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Staked His All and Won.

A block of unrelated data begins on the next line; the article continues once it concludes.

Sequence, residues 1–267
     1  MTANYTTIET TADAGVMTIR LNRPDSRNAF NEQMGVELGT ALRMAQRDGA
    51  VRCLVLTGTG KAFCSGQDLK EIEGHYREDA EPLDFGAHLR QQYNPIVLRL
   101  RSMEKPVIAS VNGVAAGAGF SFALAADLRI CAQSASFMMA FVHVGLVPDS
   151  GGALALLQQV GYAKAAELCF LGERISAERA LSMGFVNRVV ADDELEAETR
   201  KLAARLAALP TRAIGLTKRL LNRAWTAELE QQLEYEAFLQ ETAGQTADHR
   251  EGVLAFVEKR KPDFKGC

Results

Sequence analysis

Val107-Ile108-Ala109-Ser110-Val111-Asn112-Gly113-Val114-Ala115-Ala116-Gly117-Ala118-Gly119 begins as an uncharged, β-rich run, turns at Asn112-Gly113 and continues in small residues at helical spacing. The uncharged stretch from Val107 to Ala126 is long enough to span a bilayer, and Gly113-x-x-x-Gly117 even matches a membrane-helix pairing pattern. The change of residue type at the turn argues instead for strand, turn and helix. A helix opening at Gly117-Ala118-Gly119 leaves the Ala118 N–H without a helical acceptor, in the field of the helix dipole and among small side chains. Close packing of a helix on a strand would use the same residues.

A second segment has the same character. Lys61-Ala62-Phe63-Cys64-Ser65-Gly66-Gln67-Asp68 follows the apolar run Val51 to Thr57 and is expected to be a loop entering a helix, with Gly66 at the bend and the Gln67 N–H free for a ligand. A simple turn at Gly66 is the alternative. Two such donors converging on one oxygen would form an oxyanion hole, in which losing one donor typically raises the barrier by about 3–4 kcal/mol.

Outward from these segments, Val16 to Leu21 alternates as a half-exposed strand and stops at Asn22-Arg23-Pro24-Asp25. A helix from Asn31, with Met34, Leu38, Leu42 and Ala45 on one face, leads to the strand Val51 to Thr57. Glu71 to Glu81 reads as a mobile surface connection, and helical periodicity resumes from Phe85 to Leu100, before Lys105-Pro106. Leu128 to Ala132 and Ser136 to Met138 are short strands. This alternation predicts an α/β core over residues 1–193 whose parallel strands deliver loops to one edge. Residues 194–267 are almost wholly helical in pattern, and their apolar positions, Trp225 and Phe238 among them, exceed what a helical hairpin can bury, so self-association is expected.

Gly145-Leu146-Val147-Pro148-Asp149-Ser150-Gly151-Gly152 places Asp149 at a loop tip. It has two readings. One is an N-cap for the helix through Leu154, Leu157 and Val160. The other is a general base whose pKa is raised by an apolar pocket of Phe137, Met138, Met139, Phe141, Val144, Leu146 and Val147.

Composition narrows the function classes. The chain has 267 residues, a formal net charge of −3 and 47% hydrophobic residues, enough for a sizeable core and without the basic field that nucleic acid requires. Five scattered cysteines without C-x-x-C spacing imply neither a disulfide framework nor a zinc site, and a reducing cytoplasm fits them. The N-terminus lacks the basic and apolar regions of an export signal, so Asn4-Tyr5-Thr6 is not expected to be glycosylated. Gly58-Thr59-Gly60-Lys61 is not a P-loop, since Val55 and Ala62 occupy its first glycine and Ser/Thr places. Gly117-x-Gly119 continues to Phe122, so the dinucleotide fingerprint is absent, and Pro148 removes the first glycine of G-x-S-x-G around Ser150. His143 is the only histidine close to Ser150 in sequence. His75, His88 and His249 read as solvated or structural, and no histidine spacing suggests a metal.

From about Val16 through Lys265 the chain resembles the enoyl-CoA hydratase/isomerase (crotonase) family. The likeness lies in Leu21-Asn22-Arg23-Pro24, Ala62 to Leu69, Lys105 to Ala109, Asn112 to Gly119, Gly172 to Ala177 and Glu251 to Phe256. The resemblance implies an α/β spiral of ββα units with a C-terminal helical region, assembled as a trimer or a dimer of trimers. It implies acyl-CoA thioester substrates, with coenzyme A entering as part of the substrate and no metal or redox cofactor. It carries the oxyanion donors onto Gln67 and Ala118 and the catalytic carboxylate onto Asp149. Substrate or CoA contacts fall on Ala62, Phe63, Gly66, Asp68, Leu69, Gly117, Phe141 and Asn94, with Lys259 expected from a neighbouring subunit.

The coatless young man anil Ilia young woman companion meandered into one of the swell restaurants and sat down at a table. The young man had met the young woman when he had not expected to. That explaines the absence of his coat. The waiter took their orders. Then he went over to the proprietor. Then the waiter returned. “Sorry, sail, but we can’t serve shirt waist gen’lemen in the presence ob ladies, sah.” The young man favored him with an icy stare. So did the young woman. Then they started out, but the young man fcli behind the young woman long enough to press Hie fourth part of a dollar into the waiter's hand and whisper: '‘Your kindness and that of the pro prietor will never be forgotten. My lady friend insinuated so strongly that she was hungry that I was ac tually forced to ask her to dine. I have not got money enough to pay for the simplest kind of a lunch. If you had served us 1 would have had a tit. I staked my all and won. God bless you!-’’—lndianapolis Sun. Wouldn’t Need It. Mr. Gump (to teacher) —No, I don’t want you to teach my son any gram mar. Not a bit of it. Teacher —But- but—this is unusual, sir. May I inquire jour reasons? “I intend that he shall be a writer of popular songs.”—Baltimore Ameri can. I | | A Very Bad Combine Z «|» is that of Z Z A Very Bad Sprain I % and T | A Very Black Bruise | X It often happens, but just as often | St. Jacobs Oil | makes a clean, sure, 4. promp cure of both. ❖ I <H*4^*^*M**M***H**<M M M , *M"H'**M**fr*h Vy * UNION MADE The real worth of / . ® onr #3.00 and !s:».<■>« g.\: . 59 ■hoescompared with ftSSS athrrmnkeaiaii.oo JNJ' U-J, to 5.1.00. We err the f i V A'/ lorcest makers and retailers KgaEtA / / of men's »3.Coands3.io shoes AtsSfeS K in tlio tvorid. We make and -] •ell more $3.00 and #3JiO I ehoes than any other two \ m«muicturere la the U. 8. UstahlUhea in IS7O. _6SO I fc- V^w iß! V\Wliy do you pay $4 to YrA. Vo\ $5 for shoes wlicn you £i \ Aenn buyYY.L. Douglas /I ,! L shoes for $3 and JOUNCE $3.50 which nrfTK REASON more W. 1,. Douglas S'! and #3-fio nhops aro sold than any other make Is l*»cause THEY ARE TilE REST FOR MEN. THC Made of the beet imported and THE American lcoth''r®. The work- 1 ~u ______ nruiship i* unexcelled. The style RpvT iB equal to $4 and |5 eh'-'iw’of QCCT ULO I other makes. They fit like cur- UfcOl iora mode phoe«. They Kill out tft wear two pairs of other nmkcp At. rtfl tPuiUU the eanio prices, that hare no rep- v£*o«L U utation. You can eafcly iccom- Allftr mend them to TOUT friends; they oimr* UnUL.I pleaec everybody that wonrn them. OmUl Your dealer should keep them; wo give one dealer •xcluaivc aalc in each town. Take no Bnb»tUute! Insint on haring W. L. rk»ujrlaa fhocs with name and price stamped on bottom. If your dealer will not get them for yon,e<nd direct to factory, enclosing price and 25c. extra for carriage. State kind of leather, size, and width, plain or can tot. Our shoe® will reach you anywhere. Catalogue Free. W. L. DOUGLAS SHOE CO., Brockton, Mass. What Shad We Have for Dessert? This question arises in the family every day. Let us answer it to-day. Try JgII~Op a delicious and healthful dessert. Pre pared in two minutes. No boiling! no baking! add boiling water and set to cool. Flavors: —Lemon, Orange, Rasp berry and Strawberry. Get a package at your grocers to-day. io cts. it n 8 'foSfl jj[ POMMEL The Best QI I Saddle Coat. LJVJtV jC I jSS^TKeep^bouTrideranTTaddle^er- B fectlv dry in the hardest storms. ERj'S'vS Substitutes will disappoint. Ask for .S'' n 1 T ®9 7 Fish Brand Pommel Slicker— a it is entirely new. If notfor sate in ’B your town, write for catalogue to S Money -HEIRS- Ileirsof Union Soldiers who mode homesteads of less than ldO acres before June 22. IS7I (no matter if abandoned), it the additional homestead right was not sold or used, should address, with full par ticulars, HEMIY N. COP!*. Washington, I>. C. HO! FOR OKLAHOMA! tt.4M80.000 acre* new land »■> open to settlement. Subscribe for THE t HiEF, devoted to infor mation abo>>t these lands. One year. SI.OO. Single copy. 10c. Subscribers^ re« *ivc free illustrated book on Oklahoma. Morgan** Manual «2to page Settler’s Guide) with line sectional map. 41.0 b. Map. 25 cents. All above.il.7s. Address DICK T. MORGAN, PERRY, O. T. STsESfSPQV KnV !>IS( ’ OVKUY i b u quick relief and cures worst case*. Ilook of testimonials and to dMjr.’ treatment Free L>r ii. H. GREEN’S SONS, lJox I>, Atlanta, Ua. iiis Best Cough Syrup. Tastes Good. Use K* C 3 in time. Sold by druggists. (£■ f^aaßgaaßSßK^s^l EMPIRE AND LABOR. A Danger That Threatens I s In An nexlng Sewly Acquired Conntrlea. The effect upon wages of annex ing countries overrunning with the cheapest kind of labor is evident enough to anyone who will consider the question dispassionately, but per haps a brief account of what 1 have seen with my own eyes in Egypt may serve to illustrate it. We hear a great deal of the political benefits con ferred by the British government upon the Egyptians, but little or nothing is said of the industrial re sults of expansion, and yet those re sults are the most important. Some years ago while I was living ln Egypt I visited one of the cot ton mills at Mansourah, the commer cial center of the cotton region. 1 liese mills are owned by English, French and German capitalists and operated by native labor. In the main room of the factory the air was so thick with cotton-dust that I found it difficult to breathe. A row of Arab girls of 12 or 13 years of age were standing Ihere before a series of tubs manipulating the raw cotton. “What are the hours of labor of these girls?” I asked the foreman, who was acting as my guide. “From four o’clock in the morning to six o’clock at night, with an in termission for dinner,” he answered. “And what is the pay?” “Twelve and a half cents a day.” I could hardly believe that, and the next time I met the English manager of one of these mills I cross-ques tioned him on the subject. “Is it true.” I asked, “that you work your girls from four until six for 1214 cents a day?” “Yes,” he said, rather reluctantly. “I didn't quite like it when 1 first went to Mansourah,but the girls don't seem to mind it.” “Don’t mind 14 hours’ work a day?” I cried. “Oh, that is not all,” he replied. “When we are busy they stav over “THERE ARE NO TRUSTS.” Mark Hanna. time from six till ten o’clock in the evening and we pay them an extra piastre (2 y 2 or five cents), and some times young motners come with the babes at the breast and put them down on the floor in the corner and go to work with the rest.” And all this, inind you, in an at mosphere which you can almost cut with a knife, so thick is it with cot ton. One thing has saved Egypt, and that is the absence of coal. It costs too much to bring it there for it to pay to introduce factories on a large scale. But there is plenty of coal in the Philippines. Coal can be had at the entrance of the mines in Japan for 13 cents a ton, I am informed, and it will be as cheap in the Philippines. With coal at this price, with girls and boys ready to work for 12y 3 cents a day, what is to prevent the immediate flow of our capital to these islands and the inauguration of a competi tion such as we have never known before? Either wages will fall here to the ISVo-cent level or our factories will be moved bodily lo our new posses sions and our working men left to starve. Bishop Potter, of New Y’ork, has just been in the Philippines, and he tells us that the Filipino takes kindly to our factory system. Poor Filipinos! So do mice take kindly to cheese in a trap. The system will prove a curse to them as it has already proved to the girls of Mansourah and at the same time that it will impoverish our American wage-earners at home. It may be said that the natives are not forced to work. But this is not true. When their cupidity is not sufficient to make them toil, means are found to compel them. This lias already been done in the mines of South Af rica. and the British government im poses taxes upon the natives there with the avowed object of forcing them to seek employment in the mines for the purpose of raising money to pay the tax, that being the only way open for them to earn money. The same plan will doubtless be adopted by our capitalists in the Philippines if it turns cut that Bishop Potter is mistaken and that the Filipinos do not take kindly to factory work. We are told that we ougiit to es tablish a stable government in the Philippines. That is precisely what we ought not to do. It is the lack of stable government which prevents capital from going to countries where people are willing to work for starv ation wages. It is an automatic ar rangement of nature that in unciv ilized or partly civilized countries franchises and monopolies are not well enough protected for capital to risk itself. If this were not so, all manufacturing industries would seek at once the country of cheapest wages, other things being equal, and the starvation of the home population would follow. It is best for the world that the government of such countries should not be too stable, and by in sisting upon a stable government in the Philippines we are ioing our best to throttle our own interests. It is clearly the interest of all wage earners to oppose imperialism root and branch, and if they have any doubt on the subject, let them con sider the cotton operatives of Egypt. —Ernest 11. Crosby, in the American Federationist. TEST FAVORS DEMOCRACY. Voluntary Vote in Chicago Give* Bryan a Plurality of 74,000 Ballots. Bryan will carry the city of Chicago. His plurality is likely to be more than 74,<XX> votes, or one-fourth greater than McKinley’s in 1596. The Chicago American has made a great poll of the voters. The returns leave no doubt that the democratic presidential ticket will sweep the city. A revolution of opinion has followed the McKinley ad ministration. The facts are at hand. The figures, it is believed, are sound. The vote was taken upon a greater scale, with greater care and with the observance of better and more intelli gent methods than ever before em ployed in a simitar work. Fifty can vassers, carefully chosen and sworn as to the accuracy of their figures, reached more than 60.000 voters with this inquiry: “For whom will you vote for presi dent ?” This is the result: For Bryan, 30,- 660; for McKinley. 20,436. Total, 51,- 096. Bryan over McKinley, 10,224. The estimate of Bryan’s majority is made by comparison of this vote with the vote of Bryan and McKinley in this city in 1596 and the estimated vote for the coming election. The presi dential vote of Chicago in 1896 was di vided between these candidates as fol. lows: McKinley. 201.074; Bryan, 144,- 770. Total. 345,844. McKinley over Bryan, 56.304. A comparison of the American’s bal lot with the vote of Bryan and McKin ley in Chicago in 1896 would indicate a majority for Bryan over McKinley of 74,720. The total vote of 19C0 in Chicago for all presidential candidate# is estimated at 374,000. By compari son with this estimate Bryan’s majori ly over McKinley would run consider ably over 74,000. Indeed, that prophecy is upon a conservative basis. The American’s ballot is of value in connection with the New York Jour nal's recent poll of New York. The Journal’s poll, taken from week to week for two months, indicates that McKinley’s plurality of 24,000 in that city in 1896 will he exchanged to a great plurality of nearly 70,000 votes for Bryan. Unless all signs fail, the great centers of population in this country will roll up a tremendous tidal wave of votes for Bryan on election day. OPINIONS AND POINTERS. seems to be to work hard-luck stories on the protected interests and make them come up with the cash for cam paign purposes. The republican chairman is probably genuinely frightened at the outlook for demo cratic success. —Savannah news. ley' Commercial club in Chicago Mr. Hanna said there are no trusts. What will the poor fellows do who have been accusing the democrats of being members of trusts? Will they admit they r lied, or will they charge Hanna with having lied?—Dubuque Herald. ——McKinley, Roosevelt and Hanna all poohpooli the idea of there being trusts. Perhaps they will do Vie same as to such protests as are now being made against the coal trust in Penn sylvania. They may prove like the fellow who belittled the deluge when it set in and said it was merely a shower. —Louisville Courier-Journal. There is no argument that the imperialists of the Hanna-McKinley party can bring forward in justifica tion of their course toward the Fili pinos, except the one that has been used by despots from time imme morial in support of their right to rule subject people by the strong arm and to crush their libert es by the tyrant agency of military power.— Kansas City Times. Mark Hanna's afterthoughts are poor specimens. He stated at Cleve land that when he said in Chicago “there are no trusts” he added, or meant to add. “injurious to the peo ple.” This is too late and too thin. He is an inexperienced “spellbinder," and perhaps thinks it sufficient for him to explain in Cleveland what he said in Chicago. Belated and false ex planations do not explain.—Chicago Chronicle. Are there no trusts? Ask the men who used to work in the rolling mills. Are there no trusts? Ask the men who used to work in the bicycle factories. Are there no trusts? Ask the independent manufacturers or the small merchants, or anybody, in fact, except M. A. Hanna. No trusts, in deed! The woods are full of trusts, and every one is a menace to labor. But there’s away to get rid of 'em, and that way isn't by voting the re publican ticket, either.—Toledo Bee, LATE DRESS NOTES. Fresh Fancies In Feminine Finery for Fall Gowns and Cos tumes. An ideal gown for a garden party is of white Japanese silk, trimmed with a deep incrustation of cream lace over a brown silk ground A wide corselet of palest pink silk drapes the figure closely beneath a box plaited bolero. A fichu of lace is caught across the shoul ders and fastened at each side of the plaited chiffon vest by a silver buckle. The lower part of the sleeve is an in crustation of the Point de \ enise over brown, like the skirt decoration. The hat is of tucked white mousseline in shepherdess shape, with delicate pink ribbons and roses, says the New York Tribune. An exquisite empire tea gown lately seen in Newport was as novel as it was beautiful in design. There was a short cuirass arrangement of black mail sequins, from which the open fronts of black crape eolienne fell straight over a perfectly fitting under dress veiled in white kilted d’esprit net that seemed to be a continuation of a small graceful fichu draping the shoulders inside the round decolletage. Elbow sleeves of the cotte de maille jet finished with ruffles of the kilted net —ruffles shaped almost to nothing oa the inside of the arm. Some of the newest scarf and tie clasps are in gun metal, French gray silver and gilt, and are hollow spheres, with three openings through which the ends of the tie are drawn. They are invariably dull in finish and frequently are perfectly plain, but for those who prefer the more ornate real and imita tion gems are sunk in the surface. Veiling pins are shown in the form of flies and various beetles, the wings of which bend with a spring to catch the veil. It is whispered that old fashions ix\ bracelets are to be revived, especially that showing a medallion or cameo set in a wide gold band. For fall wear black velvet waistcoats will be popular. They are cut low, and fastened with large rhinestone or en ameled buttons, and are immensely ef fective under the bolero of a white pique suit. It is predicted that the painted fab ric of last year will be more in.evidence than ever the coming season. Whole panels of painted velvet gowns of painted chiffon and every painted or namentation will be seen. Velvet is to be the material de rigeuer for winter. Velvet for street gowns, reception gowns, dinner gowns, and as trimming will characterize every modish wardrobe. It is ex pensive, but, oh, so becoming! Ev ery woman will want a velvet gown, but, alas, for every woman it is not to be advised, as a cheap velvet is abso lutely devoid of beautj*. THE MINISTER’S WIFE. Her Home I.ife Without Privacy— Denietl the Right to Choose Her Friends. The average parish feels a sense oi ownership in its minister's wife, her children and her home, and because this interest often uses the eyes of as section, she tries to blind herself tc the fact that she has no privacy, no lib erty to choose her own friends, no leis ure for her own refreshing, writes “A Minister’s Wife” in Ladies’ Home Jour nal. The lack of privacj', and the sac rifice of dignity that must accompany it, are as nothing, however, to the dep rivation that most of us feel when wc are denied the right to choose our own friends. It is only common sense tc suppose that some people in the par ish are going to be more congenial com panions than others for the minister’s wife, who was probably a very human girl once. A minister’s wife rarely dares to make close friends among her husband’s people, because those whom she has not chosen become offended and critical. She usually succeeds in living on terms of colorless friendliness with all, and perhaps has a somewhat lonely life in consequence. There are inti macies which she does not care for, be cause she is a woman of sense; there are others which she may not have, because she is a woman of discretion; her friendships are not to be achieved; they are to be thrust upon her, or de nied. Greater than any difficulty ot this sort is a more practical one regard ing hospitality. When a visiting cler gyman comes to the church, when mis sionaries, and secretaries, and evan gelists, and lecturers appear, the parish is usually willing to have the minister’s wife reap all the blessing from the en tertainment of “angels, unawares.” Ripe Cucumber Catsup. Choose large, nearly ripe cucum bers, pare, reject seeds, chop very fine and measure. Allow one tea spoonful of salt for every pint of pulp, sprinkle with same and drain through a colander for six hours. For every quart of cucumber allow two cups of cider vinegar, four tablespoon fuls of grated horse-radish, one table spoonful each of white mustard seed and minced red pepper (seeds reject ed); bring vinegar and flavoring slow ly to a boil, skim thoroughly and set aside until perfectly cold. Then add the pulp to the vinegar, stir well, put into pint-size glars fruit jars, lay a nasturtium or horse-radish leaf over the top and seal. Keep in a dark, cool place.—Good Housekeeping. Thick Filling for Chocolate Cake. Scald one pint of milk in a double boiler; mix together one cupful of sugar, one-third of a cupful of flour and a pinch of salt, add to it two well-beaten eggs, and. when well mixed, the scalded milk; return to the double-boiler and s.ir until the mixture thickens smoothly, then cover and cook fer 12 minutes, stir ring occasionally; scrape two squares of unsweetened chocolate, melt over hot water and add to the cooled mix ture; cook for three minutes longer, take from the fire add one teaspoon ful of vanilla and spread between the layers of cake.—Good Literature. Set in Her Ways. Mr. Sappeigh —I wouldn’t marry that Miss Gabby. She is terribly set in her ways. Mr. Softleigli —Is that so? “Yes. indeed. Why. she has refused me nine times.” —Baltimore American. 1 11 in terestins. Penelope—Diu you have a nice sea son ? Perdita —Not a bit. I has engaged to a lot of men I didn’t care for.— Brooklyn Life. Exhibit* at Pari*. There is a large exhibit from this country at tho Paris exposition -which will prove very interesting to all who may attend, but no more so than the news that the famous American remedy, Hostetter’s Stomach Bit ters, will positively cure dyspepsia, indiges tion, constipation, biliousness and nervous ness. To all sufferers of the above com plaints a trial is recommended, with the as surance that when honestly used a cure will be effected. It also tones up the entire •ystem. Antiquities of Baseball. A north Missouri editor, who first studied baseball rules while a Sunday school boy, enters into the following antiquities of the national garner “The devil was the first coacher. Eve stole first. Adam stole second. When Isaac met Rebecca at the well she was walking with a pitcher. Sampson struck out a good many when he beat the Philis tines. Moses made his first run when he slew the Egyptians. Cain made a base hit when he killed Abel. Abraham made a sac rifice. The prodigal son made a home run. David was a long-distance thrower and Moses shut out the Egyptians at the Red sea.” —Chicago Chronicle. Try Grain-OS Try Grain-O! Ask your Grocer to-day toshow you a pack age of GRAIN-O, the new food drink that takes the place of coffee. Children may drink it without injury, as well as adults. All who tryit like it. GRAIN-0 has that rich seal brown of Mocha or Java, but is made from puregrains, and the most delicate stom ach receivesit without distress. the price of coffee. 15c. and 25c. per package. All grocers. Pleasantly Locating, the Distress. “Did you have any trouble with your French in Paris, Mrs. Riffraff?” “No; we didn’t have any trouble at all; but the people who tried to talk with us seemed to havean'awful time.” —Indianapo- lis Journal. Good Hair. If you are bald, or getting so, or want * new growth of hair, or are interested in preserving -what you have and want infor mation free, w r rite Good Hair Remedy Company, Lock Box 977, Newark, Ohio. A free sample sent for 2c stamp. A Clever Turn.—“ What a pretty fall hat that is of Mrs. Flypp’s.” “Yes. That’s her summer hat turned around, with the back to the front.” —Cleveland Plain Dealer. Tlie Best Prescription for Clillls and Fever is a bottle of Gkove’s Tasteless Chill Toxic. Itis simply iron and quinine in a tasteless form. No cure—no pay. Price,soc. Few delights can equal the mere presence of one whom we trust utterly.—George Mac donald. Don’t Neglect a Cough. Take Some Hale’a Honey of Horehound and Tar instanter. Pike’s Toothache Drops Cure in one minute. One of the fine arts is to say an unwel come thing acceptably.—Boston Watchman. Ilnll’s Catarrh Cure Is a Constitutional Cure. Price, 75c. The worst things are always corruptions of the best. —Ram’s Horn. . Fools acquire wisdom and loafers go to work to-morrow. —Chicago Daily News. The value of a painful piety depends on who had the pain.—Ram’s Horn. A fool is nearly always a great talker. — Atchison Globe. “Never envy a man his riches until you know what he did to gain them,” is a saying as old as Epictetus. After the Fight.—“ This diagram shows just where Slugger was hit.” “Yes? It might simplify matters to make a diagram showing where he wasn’t hit.” —Puck. Force of character is naturally promi nent in those who possess it, but never more so than when it shows its power in nid of the weak, the lowly or the erring. Such acts are real self-abnegation, and only the great can do them. —Kansas City Times. Ethel —“When a man talks all by him self, what is that called?” Mamma—“Why, that’s called a ‘monologue.’ ” Ethel —“Oh, I see. When the cats get to talking on the buck fence, that’s a ‘catalogue,’ isn't it?”— Philadelphia Record. Human nature is about the same, from railroad presidents to cooks. When you em ploy a new cook at your house she has a good deal to say of the disordered condition in which she found the kitchen, and the dirt hidden away. When a railroad hires a new president he has a good deal to say about the slouchy methods of his predecessor.— Atchison Globe. A Question for Him. —“If Field Marshal Roberts ever gets Messrs. Kruger and Steyn into his hands he will have some practical experience with a quotation that occasion ally comes up in America,” said McNwilii gen to Squiklig. “What is that?” “What to do with ex-presidents.” Pittsburgh Chronicle-Telegraph. How Are Your Bowels? P About the first thing the 9 jffw2J§tf Then, “Let’s see your tongue.” iPjjMj : 1 Because bad tongue and bad bowels go together. Regulate vt® fr 7bowels, clean up the tongue. I Tv We all know that this is the way 11/ to keep and look well. You can’t keep the bowels / V healthy and regular with purges ~~or bird-shot pills. They move you with awful gripes, then y you’re worse than ever. Now what you want is Cascarets. Oo and Jet them today-Cascarets-in metal box with the long-tailed "C" on the lid-cost 10c. Be sure you get the genuine! Cascarets are never sold in bulk. Take one! Eat it like candy, and it will work gently-while you sleep. It cures, that means it strengthens the muscular walls of the bowe s, gives them new life. Then they act regularly and naturally. That s what you want. It s guaranteed to be found in f'ffl ‘This ls the To any needy mortal, suffering from bowel troubles and too poor to buy CASCARETS, we will send a box free. (£ tablet? 6 Addrt.'s Sterling Remedy Co., Chicago or New fork, mentioning advert.sement and paper. 4» \ / never sold Vi * -V in bulk. ■ WQMAN’SKIDNEYTBOUBLES Lydia E. Pinkham’s Vegetable Com pound is Especially Successful in Curing this Fatal Woman’s Disease. Os all the diseases known with which the female organism is afflicted, kidney disease is the most fatal. In fact, unless early and correct treatment is ap plied, the weary patient seldom survives. Being fully aware of this, Mrs. Pinkham, early in her career, gave ex haustive study to the subject, and in producing her great remedy for woman’s ills Lydia E. Pinkham’s Vegetable Compound was careful to see that it contained the correct combination of herbs which was sure to control that fatal disease, woman’s kidney troubles. The Vegetable Compound acts in har mony with the laws that govern the entire female system, and while there are many so called remedies for kidney troubles, Lydia E. Pinkham’s Vege table Compound is the only one especially prepared for women. The following letters will show how marvellously successful it is : Aug. 6, 1899. leucorrhoea, falling of the womb, and “ Dear Mrs. Pinkham : lam fail- kidney trouble. I also had a pain ing very fast, since January have when standing or walking, and some lost thirty-five or forty pounds. I times there seemed to be balls of fire have a yellow, muddy complexion, in front of me, so that I could not see feel tired, and have bearing down for about twenty minutes. Felt as pains. Menses have not appeared for tired in the morning when I got up three months ; sometimes lam trou- as if I had had no sleep for two weeks, bled with a white discharge, and I also Had fainting spells,was down-hearted, have kidney and bladder trouble. . . and would cry.”— Mrs. Bertha Ofer, I have been this way for a long time, Second and Clayton Sts., Chester Pa. and feel so miserable I thought I would write to you, and see if you “Dear Mrs. Pinkham: I cannot could do me any good.”—Miss Edna find language to express the terrible Frederick, Troy, Ohio. suffering I have had to endure. I had Sept. 10, 1899. f « ma I l e trouble, “Dear Mrs. Pinkham:-I have al«>liver,stomach, % used Lydia E. Pinkham’s Vegetable ldne y» and blad- JI J Compound according to directions, T* r -^ OUDie ' i i —Y'Sw f and can say I have not felt so well several doc for years as Ido at present. Before or V so .^ U1 , e ,i \ A£\ & \ taking your medicine a more miser- nu “ ber of P**® l } f 0 \ able person you never saw. I could medicines, and had l & not eat or sleep, and did not care to talk with any one I did not enjoy gjj j ? oncl ia ed life at all. how, I feel so well I can- , T .. TJ . , ri not bo grateful enough for what you have done for me. You are surely a n ‘ , , ~ , , woman’s friend. Thanking you a Compound and now thanks to your thousand times, I remain, medicine, lam a well woman. I can p™, ’ ro not praise your medicine too highly Miss Edna Frederick for 1 know ifc wiU do all » and evm MISS LDNA I Roderick more , than it is recommended to do 1 I tell every suffering woman about “Dear Mrs. Pinkham: — l have your Vegetable Compound, and urge taken five bottles of Lydia E. Pink- them to try it and see for themselves ham’s Vegetable Compound and cannot what it will do.” Mrs. Mary A. praise it enough. I had headaches, Hiple, No. Manchester, Ind. tfIiPAAA REWARD.—We have deposited with the National City Bank of Lynn. $;"000, Vhißllll which will be paid to any person who can find that the above testimonial letters ■ are not genuine, or were published before obtaining the writer’s special per- IPWIIU U mission. LYDIA E. PINKHAM MEDICINE CO. Pi! absorbs" READERS OF THIS PAPER Kpi vSk tumors, allays the Itch- DESIRING TO BUY ANYTHING pi gj If in? a.t once, acts as a ADVERTISED IN ITS COLUMNS luISS esl ® poultice.dives instant, re- x.o.w ~ tp -SB iefl W ijpf Prfipjirpd for Piles SHOULD* INSIfcl LION HA VI. t raawsSaßS andltchineof tbeprivate WHAT THEY ASK FOR. REFUSING „ , • „ pa r« ALL SUBSTITUTES OH IMITATIONS, mail on receipt of price. *»0 cent* and 91.00. WILLIAMS MVG.. CO , Props.. CLEVELAND, OHIO. 8 Pf Srs Ft A - K ~° iß3a~~ i wSbBQ 8 BBS ■ »■ XVIIEX WRITING TO ADVERTISERS Including caps and nails, for the best Red Rope please state that you »aw the Advertise* Roofing. Substitutes for Piaster. Samples free. nient In this paper. THE FAY MANILLA liOOFINU COMPANY, CAMDEN, N. J.